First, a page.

From molecules to system failure: translational frontiers of multimodal imaging in neurodegenerative diseases

  • Thilo van EimerenEmail author
  • Alexander Drzezga
Part of the following topical collections:
  1. Neurology

Understanding the molecular and neural underpinnings of neurodegenerative diseases is one of the greatest challenges in today’s health-related research. To this end, the translation of evidence from basic science (e.g., at the molecular, cellular, or animal model level) to clinical science is paramount, yet remains particularly hard to achieve. Simultaneously, the plethora of evidence for the clinical utility of molecular imaging has not yet lead to a sufficiently available and standardized use in clinical practice and there is a critical need of a science-to-guidelines transition of these techniques. Both tasks demand an iterative, multi-disciplinary, highly collaborative approach. Following this formula, we started a biannual symposium—called “Multimodal Imaging in Neurodegeneration Cologne,” or short MINC—specifically dedicated to bridge translational gaps in particularly topical areas of research in neurodegenerative diseases. The MINC symposium in October 2018 was focused on five topics: the cause and effect of cerebral protein aggregation pathologies (beta-amyloid, tau, and alpha-synuclein), the various facets of neuroinflammation in neurodegenerative diseases, non-dopaminergic transmitter dysfunction in Parkinson’s disease, and the development of proteinaceous agents for molecular PET imaging and for therapy. The great success of this meeting was largely due to the gathering and interaction of scientist from various disciplines who would not usually meet at their respective science meetings. The 2 days of talks and discussions by experts in various fields from basic to clinical science and imaging yielded many intriguing insights. We have asked teams of participants of the meeting to summarize the main insights from this meeting. This resulted in three key chapters, which are outlined below and discussed in greater depth in three papers, which are published in this issue. We are extremely grateful to the Deutsche Forschungsgemeinschaft (DFG) for funding the MINC symposium (EI 892/5–1) and to the European Journal of Nuclear Medicine and Molecular Imaging for publishing these major outcomes of the MINC symposium as three separate publications in this issue.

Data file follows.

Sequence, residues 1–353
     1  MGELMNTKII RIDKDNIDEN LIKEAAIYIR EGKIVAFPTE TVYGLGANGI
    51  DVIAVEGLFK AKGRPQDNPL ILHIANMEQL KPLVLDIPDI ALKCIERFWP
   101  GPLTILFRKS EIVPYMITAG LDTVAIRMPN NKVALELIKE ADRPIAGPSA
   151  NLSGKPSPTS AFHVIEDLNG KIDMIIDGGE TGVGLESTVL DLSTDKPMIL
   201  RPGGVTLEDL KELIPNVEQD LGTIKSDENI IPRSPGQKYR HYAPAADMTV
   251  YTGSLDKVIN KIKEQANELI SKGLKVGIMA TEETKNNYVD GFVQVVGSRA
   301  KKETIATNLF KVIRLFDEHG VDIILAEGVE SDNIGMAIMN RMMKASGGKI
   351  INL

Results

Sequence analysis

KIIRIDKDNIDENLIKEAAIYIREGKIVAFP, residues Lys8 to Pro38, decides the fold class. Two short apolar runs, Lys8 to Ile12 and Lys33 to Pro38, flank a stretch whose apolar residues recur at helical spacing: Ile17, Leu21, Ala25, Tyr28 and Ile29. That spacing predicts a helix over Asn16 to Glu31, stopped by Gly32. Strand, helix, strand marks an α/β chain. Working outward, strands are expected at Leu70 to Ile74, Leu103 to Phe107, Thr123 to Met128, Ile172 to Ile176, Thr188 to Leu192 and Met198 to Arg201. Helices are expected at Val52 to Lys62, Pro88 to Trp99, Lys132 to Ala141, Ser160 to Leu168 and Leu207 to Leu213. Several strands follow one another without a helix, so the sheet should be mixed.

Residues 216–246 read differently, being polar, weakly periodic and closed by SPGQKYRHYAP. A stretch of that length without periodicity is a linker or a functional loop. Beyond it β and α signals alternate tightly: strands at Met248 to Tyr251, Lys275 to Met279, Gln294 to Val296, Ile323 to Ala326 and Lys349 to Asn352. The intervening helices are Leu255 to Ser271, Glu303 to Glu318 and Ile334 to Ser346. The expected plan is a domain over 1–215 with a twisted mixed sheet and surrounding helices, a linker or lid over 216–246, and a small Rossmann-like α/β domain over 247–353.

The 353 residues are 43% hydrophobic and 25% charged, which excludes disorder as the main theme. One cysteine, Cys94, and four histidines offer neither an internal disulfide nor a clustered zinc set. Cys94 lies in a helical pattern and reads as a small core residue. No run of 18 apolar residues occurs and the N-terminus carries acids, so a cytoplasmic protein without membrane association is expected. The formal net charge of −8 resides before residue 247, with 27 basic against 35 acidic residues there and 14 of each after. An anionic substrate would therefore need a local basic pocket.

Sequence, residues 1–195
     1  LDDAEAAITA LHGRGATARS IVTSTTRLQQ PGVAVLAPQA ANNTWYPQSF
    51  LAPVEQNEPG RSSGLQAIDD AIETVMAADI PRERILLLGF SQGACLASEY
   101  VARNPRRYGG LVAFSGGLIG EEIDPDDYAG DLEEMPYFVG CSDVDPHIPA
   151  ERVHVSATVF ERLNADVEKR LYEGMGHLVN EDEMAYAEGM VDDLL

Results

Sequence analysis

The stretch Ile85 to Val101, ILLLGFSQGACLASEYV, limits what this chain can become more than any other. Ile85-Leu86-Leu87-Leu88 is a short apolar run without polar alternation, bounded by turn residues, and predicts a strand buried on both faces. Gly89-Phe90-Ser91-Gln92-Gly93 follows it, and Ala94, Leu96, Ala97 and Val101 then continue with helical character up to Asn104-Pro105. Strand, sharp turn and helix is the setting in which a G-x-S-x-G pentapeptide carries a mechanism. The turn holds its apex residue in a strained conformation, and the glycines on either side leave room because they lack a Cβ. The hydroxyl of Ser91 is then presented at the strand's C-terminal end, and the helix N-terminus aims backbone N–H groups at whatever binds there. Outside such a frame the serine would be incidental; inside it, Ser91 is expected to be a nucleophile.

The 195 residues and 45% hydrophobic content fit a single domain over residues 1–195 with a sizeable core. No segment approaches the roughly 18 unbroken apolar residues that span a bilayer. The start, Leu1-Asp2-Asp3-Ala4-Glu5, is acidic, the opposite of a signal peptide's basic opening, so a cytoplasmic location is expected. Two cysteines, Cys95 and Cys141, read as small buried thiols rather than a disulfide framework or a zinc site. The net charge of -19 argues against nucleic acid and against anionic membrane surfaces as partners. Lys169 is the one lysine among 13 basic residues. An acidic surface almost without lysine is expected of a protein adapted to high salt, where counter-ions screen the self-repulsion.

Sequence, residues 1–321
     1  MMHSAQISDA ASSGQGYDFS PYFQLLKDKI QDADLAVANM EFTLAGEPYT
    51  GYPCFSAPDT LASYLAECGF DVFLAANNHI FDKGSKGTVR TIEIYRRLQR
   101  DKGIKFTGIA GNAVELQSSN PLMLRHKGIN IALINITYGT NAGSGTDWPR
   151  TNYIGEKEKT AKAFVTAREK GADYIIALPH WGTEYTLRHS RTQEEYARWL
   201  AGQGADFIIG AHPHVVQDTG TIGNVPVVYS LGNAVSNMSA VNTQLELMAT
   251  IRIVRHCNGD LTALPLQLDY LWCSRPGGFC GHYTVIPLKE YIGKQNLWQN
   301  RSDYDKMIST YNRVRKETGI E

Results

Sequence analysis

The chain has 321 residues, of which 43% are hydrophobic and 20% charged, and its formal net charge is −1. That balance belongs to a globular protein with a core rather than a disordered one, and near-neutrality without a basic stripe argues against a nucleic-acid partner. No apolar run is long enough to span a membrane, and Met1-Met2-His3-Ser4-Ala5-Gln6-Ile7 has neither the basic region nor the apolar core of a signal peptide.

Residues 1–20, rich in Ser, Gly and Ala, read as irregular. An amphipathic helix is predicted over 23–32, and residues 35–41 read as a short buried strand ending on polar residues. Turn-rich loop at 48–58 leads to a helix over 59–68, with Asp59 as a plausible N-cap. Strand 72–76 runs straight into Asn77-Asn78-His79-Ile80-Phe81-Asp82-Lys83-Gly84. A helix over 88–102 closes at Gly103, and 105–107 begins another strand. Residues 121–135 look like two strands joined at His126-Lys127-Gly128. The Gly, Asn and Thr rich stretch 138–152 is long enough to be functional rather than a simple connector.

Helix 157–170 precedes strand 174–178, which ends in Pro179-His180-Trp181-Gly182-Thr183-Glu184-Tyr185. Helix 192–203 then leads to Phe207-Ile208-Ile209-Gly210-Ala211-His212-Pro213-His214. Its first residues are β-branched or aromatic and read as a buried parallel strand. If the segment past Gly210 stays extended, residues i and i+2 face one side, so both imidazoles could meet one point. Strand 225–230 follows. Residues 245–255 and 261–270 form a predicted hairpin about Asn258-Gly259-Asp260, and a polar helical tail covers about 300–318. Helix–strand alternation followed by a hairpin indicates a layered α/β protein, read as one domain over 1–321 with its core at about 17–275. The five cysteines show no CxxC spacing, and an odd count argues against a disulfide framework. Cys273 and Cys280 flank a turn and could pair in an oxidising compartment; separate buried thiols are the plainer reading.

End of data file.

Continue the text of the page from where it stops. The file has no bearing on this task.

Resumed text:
Connectomics and molecular imaging